Let’s say that you have a union employee who was unhappily separated from his job and now has, among other issues, a dispute with you, his former employer, over whether he received his proper final compensation. Being the unhappy soul that he is, and being highly skeptical that you, his now former employer, has calculated the correct amount of payout as his final compensation, he files suit against you under the Illinois Wage Payment and Collection Act, claiming that you violated the Act by failing to properly pay him all wages and compensation that was due to him no later than the next regular pay day after his separation, as the Act requires.
First of all, the Wage Payment and Collection Act is one of those wage statutes that you, as an employer, don’t want to get caught up in. It is what we call in the business a “strict liability” statute. If an employer doesn’t follow the wage payment requirements of the Act, little or no defenses exist to a claim. It doesn’t matter to a court if your company headquarters burned down or your payroll software was hacked or if you had a reasonable and rational belief that the employee wasn’t due the wages. If it turns out that you underpaid the employee, or didn’t pay the employee on time, then you are likely liable under the statute. And the problem with liability under the statute is that you don’t just owe your employee the wages, but you pay the employee’s attorney’s fees, costs of the lawsuit, and 2% interest per month on any unpaid amounts. That can really add up. This doesn’t even include what you have paid your own attorney to handle the case.
So, many employers who find themselves in this kind of predicament think they have relief from the onerous statute because the employee was a member of a union, covered by a collective bargaining agreement that also include a grievance procedure as the mechanism to resolve disputes. Ah ha, you might think. The former employee was bound by the terms of the cba to utilize the grievance procedure and therefore cannot file a lawsuit.
Like arbitration clauses in individual employment contracts, the grievance procedure is designed to provide an alternative, cheaper and easier method of resolving disputes over provisions in collective bargaining agreements. Courts routinely find that they lack jurisdiction over claims for contract breach or violation when the contract contains a provision for an alternative form of dispute resolution (i.e. a grievance procedure) as opposed to seeking judicial relief. But, can you hold a former union employee to this same standard? Maybe not.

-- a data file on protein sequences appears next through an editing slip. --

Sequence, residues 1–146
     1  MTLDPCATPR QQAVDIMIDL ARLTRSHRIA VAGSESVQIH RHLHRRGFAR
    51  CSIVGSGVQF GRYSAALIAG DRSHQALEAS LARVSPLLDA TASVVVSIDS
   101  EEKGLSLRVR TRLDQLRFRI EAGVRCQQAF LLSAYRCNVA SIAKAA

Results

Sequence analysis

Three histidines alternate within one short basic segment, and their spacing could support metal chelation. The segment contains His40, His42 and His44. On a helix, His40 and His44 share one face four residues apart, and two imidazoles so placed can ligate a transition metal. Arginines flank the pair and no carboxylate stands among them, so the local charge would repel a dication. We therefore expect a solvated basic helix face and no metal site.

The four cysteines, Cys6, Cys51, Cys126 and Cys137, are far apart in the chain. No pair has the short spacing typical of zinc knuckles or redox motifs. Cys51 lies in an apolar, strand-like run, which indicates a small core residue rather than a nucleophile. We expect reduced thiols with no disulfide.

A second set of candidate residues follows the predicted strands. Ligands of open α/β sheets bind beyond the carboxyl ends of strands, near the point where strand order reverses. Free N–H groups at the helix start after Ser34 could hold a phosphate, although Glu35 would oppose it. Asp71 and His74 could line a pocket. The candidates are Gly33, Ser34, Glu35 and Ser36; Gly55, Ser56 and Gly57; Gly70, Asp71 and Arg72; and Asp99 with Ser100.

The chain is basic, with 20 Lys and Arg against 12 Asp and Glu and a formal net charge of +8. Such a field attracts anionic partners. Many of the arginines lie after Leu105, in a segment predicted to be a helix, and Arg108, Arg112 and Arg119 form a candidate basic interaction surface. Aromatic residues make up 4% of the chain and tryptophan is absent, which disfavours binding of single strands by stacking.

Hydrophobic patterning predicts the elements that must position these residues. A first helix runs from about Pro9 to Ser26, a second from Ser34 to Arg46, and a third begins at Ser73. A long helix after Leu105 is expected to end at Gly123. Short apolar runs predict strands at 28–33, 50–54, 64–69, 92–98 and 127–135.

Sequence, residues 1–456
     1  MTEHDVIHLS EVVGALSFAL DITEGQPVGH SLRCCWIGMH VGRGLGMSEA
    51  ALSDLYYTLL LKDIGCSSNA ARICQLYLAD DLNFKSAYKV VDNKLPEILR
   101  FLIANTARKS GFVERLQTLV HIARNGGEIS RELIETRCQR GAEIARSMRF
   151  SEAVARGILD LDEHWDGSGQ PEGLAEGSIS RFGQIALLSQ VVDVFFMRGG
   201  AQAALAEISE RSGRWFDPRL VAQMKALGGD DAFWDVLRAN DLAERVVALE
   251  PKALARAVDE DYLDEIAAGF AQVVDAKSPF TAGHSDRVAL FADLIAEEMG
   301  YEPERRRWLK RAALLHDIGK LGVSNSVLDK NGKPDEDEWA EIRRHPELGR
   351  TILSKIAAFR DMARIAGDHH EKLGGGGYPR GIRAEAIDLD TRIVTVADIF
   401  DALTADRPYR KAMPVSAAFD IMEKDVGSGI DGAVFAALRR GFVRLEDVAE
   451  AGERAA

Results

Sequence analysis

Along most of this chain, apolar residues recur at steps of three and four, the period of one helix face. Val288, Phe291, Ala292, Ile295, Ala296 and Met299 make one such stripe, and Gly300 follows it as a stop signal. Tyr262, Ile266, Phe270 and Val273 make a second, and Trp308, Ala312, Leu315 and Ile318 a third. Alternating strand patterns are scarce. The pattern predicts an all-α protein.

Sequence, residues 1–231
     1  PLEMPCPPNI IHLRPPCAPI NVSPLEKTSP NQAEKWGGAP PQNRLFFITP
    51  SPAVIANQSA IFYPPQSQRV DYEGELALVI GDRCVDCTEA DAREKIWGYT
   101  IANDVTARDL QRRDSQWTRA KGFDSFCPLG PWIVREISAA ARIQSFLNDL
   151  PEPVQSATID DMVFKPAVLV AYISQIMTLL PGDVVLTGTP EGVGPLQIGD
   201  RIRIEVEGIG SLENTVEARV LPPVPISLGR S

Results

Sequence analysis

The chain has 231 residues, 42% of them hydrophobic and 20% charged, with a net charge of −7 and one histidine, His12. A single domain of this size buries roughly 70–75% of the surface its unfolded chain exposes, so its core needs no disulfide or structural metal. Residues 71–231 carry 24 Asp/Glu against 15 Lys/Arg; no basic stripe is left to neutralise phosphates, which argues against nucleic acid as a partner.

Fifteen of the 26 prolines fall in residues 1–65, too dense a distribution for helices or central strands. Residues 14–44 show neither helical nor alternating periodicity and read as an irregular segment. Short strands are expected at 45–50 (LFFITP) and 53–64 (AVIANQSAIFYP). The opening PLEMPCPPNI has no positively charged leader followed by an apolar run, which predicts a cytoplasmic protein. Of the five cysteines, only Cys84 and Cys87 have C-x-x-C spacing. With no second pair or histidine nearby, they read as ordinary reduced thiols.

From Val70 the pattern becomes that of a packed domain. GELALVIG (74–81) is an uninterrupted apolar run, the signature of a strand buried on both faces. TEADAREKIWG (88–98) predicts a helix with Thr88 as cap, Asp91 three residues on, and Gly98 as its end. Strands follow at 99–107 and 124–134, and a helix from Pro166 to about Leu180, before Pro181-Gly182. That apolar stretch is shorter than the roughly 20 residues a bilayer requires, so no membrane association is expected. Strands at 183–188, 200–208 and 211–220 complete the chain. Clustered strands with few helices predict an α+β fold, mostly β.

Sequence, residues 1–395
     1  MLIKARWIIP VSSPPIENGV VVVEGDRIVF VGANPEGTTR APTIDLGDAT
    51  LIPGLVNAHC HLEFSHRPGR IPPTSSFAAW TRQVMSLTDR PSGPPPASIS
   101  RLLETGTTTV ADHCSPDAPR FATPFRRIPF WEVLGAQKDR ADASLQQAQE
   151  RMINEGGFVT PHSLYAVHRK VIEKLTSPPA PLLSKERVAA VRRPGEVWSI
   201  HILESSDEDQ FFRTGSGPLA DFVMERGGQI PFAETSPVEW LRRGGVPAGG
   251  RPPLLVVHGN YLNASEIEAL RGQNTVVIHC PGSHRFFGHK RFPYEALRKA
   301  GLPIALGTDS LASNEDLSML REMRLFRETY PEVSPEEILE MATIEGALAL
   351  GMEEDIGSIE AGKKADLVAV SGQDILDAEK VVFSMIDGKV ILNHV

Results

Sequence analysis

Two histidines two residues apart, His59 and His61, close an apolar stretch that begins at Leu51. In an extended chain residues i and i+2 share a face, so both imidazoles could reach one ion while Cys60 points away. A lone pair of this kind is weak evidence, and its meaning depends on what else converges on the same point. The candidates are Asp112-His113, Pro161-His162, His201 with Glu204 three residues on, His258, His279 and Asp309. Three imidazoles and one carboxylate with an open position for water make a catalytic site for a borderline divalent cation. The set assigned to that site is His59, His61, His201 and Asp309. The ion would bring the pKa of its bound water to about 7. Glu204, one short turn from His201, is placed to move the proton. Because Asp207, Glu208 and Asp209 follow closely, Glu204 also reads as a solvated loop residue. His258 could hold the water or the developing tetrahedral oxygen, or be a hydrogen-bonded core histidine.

Here is the problem – by the time that a former employee has a claim for non-payment of final compensation, they are no longer an employee and therefore generally no longer a union member, and therefore no longer bound by the terms of the collective bargaining agreement. Naturally, if they are no longer bound by the terms of the collective bargaining agreement then they are not required, and some would say that they are not even allowed, access to the grievance procedure, and so are free to file suit individually against the former employer, opening the door for you paying all of those additional costs. Both federal and state courts find that, absent language in the cba to the contrary, a retired, disabled or even laid off union member has no obligation to file a grievance over payment of final compensation. Instead, they can go straight to court.
How can you fix this? It’s simple really, but something employers rarely think about at the bargaining table. Employers need to make sure that the grievance procedure provision in their collective bargaining agreements includes an obligation to resolve all disputes over wage claims, including payment of final compensation, through the grievance procedure. Sure, unions might not like their continuing obligation to represent a former member in those claims because it extends their responsibility. Is it worth it to negotiate this though, over any objections of the union bargaining team? Absolutely. Make the cba language work for you because avoiding even one claim under the Wage Payment and Collection Act can save an employer thousands of dollars in costs.